My officials came up with lots of examples of things that British companies were doing that they had not done previously, but on inspection it was found that the companies could have done them earlier. It was not the single market programme that had opened up the possibility of doing those things. I said, “Well, let’s get lots of businesses in and ask them, so that I’ll have examples to put in this speech.” We asked businesses from the service industries, where we hoped the greatest gains would be made, the privatised utilities and other sectors. I am afraid that none of them was able to give a single example of anything that they were doing that they had not been able to do before. However, lots of them were doing things that they had not done before, so the psychological impact of the single market was wholly beneficial. It gave British companies the aspiration and the vision to see that there were opportunities on the continent that they could take, but the actual measures were not as beneficial as we hoped.
It would be sad if the single market had taken people’s eyes off the other markets in the world that offered greater opportunities. As my hon. Friend the Member for Stone said, one of the sad things about today’s debate is how few, if any, references there have been-apart from those made by the hon. Member for Forest of Dean (Mr. Harper)-to India and China, the really big markets on which our industries ought to focus, as they are fast-growing and offer enormous opportunities.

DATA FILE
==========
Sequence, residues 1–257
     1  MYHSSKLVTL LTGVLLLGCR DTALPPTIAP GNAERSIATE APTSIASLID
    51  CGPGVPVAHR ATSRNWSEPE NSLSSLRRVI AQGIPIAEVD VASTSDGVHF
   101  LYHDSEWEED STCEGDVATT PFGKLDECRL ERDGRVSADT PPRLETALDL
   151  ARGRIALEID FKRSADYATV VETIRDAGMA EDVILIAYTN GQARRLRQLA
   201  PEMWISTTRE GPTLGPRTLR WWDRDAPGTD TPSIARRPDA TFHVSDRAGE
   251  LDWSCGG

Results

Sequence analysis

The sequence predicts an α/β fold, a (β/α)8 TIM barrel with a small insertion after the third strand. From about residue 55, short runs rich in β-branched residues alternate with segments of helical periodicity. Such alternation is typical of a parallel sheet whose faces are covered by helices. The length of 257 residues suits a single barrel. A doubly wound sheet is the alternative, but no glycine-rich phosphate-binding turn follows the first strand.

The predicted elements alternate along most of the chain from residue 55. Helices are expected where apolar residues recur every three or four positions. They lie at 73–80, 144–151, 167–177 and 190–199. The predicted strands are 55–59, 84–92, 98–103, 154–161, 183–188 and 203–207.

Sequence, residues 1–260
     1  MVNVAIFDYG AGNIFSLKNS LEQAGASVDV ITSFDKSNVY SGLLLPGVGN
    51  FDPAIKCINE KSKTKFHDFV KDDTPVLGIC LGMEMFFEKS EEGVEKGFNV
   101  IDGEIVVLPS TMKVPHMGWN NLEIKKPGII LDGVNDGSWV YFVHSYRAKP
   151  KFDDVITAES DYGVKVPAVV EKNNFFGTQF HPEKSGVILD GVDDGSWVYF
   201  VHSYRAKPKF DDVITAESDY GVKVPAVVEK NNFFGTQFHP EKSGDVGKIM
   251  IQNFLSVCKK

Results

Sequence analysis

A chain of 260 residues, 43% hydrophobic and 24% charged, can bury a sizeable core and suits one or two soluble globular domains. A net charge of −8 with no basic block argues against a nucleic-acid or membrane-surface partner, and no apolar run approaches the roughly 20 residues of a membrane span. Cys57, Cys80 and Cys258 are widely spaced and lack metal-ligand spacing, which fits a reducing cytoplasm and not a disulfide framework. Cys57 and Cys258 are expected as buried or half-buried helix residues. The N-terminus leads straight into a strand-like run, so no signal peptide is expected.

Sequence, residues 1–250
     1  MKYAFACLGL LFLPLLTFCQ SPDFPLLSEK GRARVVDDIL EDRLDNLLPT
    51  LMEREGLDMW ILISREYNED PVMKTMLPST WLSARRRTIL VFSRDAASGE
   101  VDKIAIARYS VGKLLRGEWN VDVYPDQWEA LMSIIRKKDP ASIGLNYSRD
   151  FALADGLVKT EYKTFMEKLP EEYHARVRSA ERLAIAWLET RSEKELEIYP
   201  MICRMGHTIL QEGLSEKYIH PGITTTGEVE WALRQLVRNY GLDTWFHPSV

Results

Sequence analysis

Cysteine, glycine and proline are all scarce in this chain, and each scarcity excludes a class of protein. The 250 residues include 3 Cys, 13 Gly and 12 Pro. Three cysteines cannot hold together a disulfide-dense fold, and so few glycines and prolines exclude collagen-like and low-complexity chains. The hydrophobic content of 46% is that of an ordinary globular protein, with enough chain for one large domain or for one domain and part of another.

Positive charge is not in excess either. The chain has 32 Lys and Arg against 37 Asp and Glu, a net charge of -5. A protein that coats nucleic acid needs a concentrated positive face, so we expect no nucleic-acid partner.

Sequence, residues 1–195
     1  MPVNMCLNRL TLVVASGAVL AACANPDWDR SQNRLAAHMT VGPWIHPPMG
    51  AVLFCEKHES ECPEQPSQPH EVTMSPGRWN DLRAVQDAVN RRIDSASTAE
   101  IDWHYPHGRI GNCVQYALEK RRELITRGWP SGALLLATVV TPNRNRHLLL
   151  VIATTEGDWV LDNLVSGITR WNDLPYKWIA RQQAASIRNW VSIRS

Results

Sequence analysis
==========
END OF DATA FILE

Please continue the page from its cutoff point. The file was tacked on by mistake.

It has been suggested that if the amendment is made, it will have no effect. It is claimed that if we persist with it until the bitter end, it will lead to us not ratifying the Lisbon treaty; the treaty will therefore fall, and we will gain nothing. However, the impact of making and persisting with the amendment, thereby not ratifying the Lisbon treaty, would be much the same as the impact made by the French and Dutch people’s rejection of the constitution. They won major changes. I know that they are major, because the Government say that there are major differences between the constitution and the treaty. Funnily enough, they have resulted in major improvements for Britain, although the Dutch and the French wanted to make changes that take us in the opposite direction to that which we tend to want to take. Or are the Government saying that negligible gains resulted from the rejection of the constitution, and that we would therefore get negligible gains and improvements if we sent our negotiators back to gain improvements?
The Government cannot have it both ways. They cannot say that when the Dutch and the French were given a referendum and rejected the original constitution they secured major improvements, but that if we, through the House passing amendments to the Bill, were to cause the Lisbon treaty not to be ratified, we would not in the subsequent renegotiations be able to get significant improvements to the single market and other aspects of the Bill.
I hope the House will take seriously the amendments tabled by my hon. Friends and the amendment tabled by my right hon. Friend the Member for Wells (Mr. Heathcoat-Amory), and that it will have no compunction about passing them, amending the Bill and amending the treaty. That can only lead to an improvement in what is still the European constitution implemented by other means, and it would be our duty and, above all, the duty of Government Members, who promised a referendum. If there is to be no referendum, the very least they can do is amend and send the treaty back for renegotiation.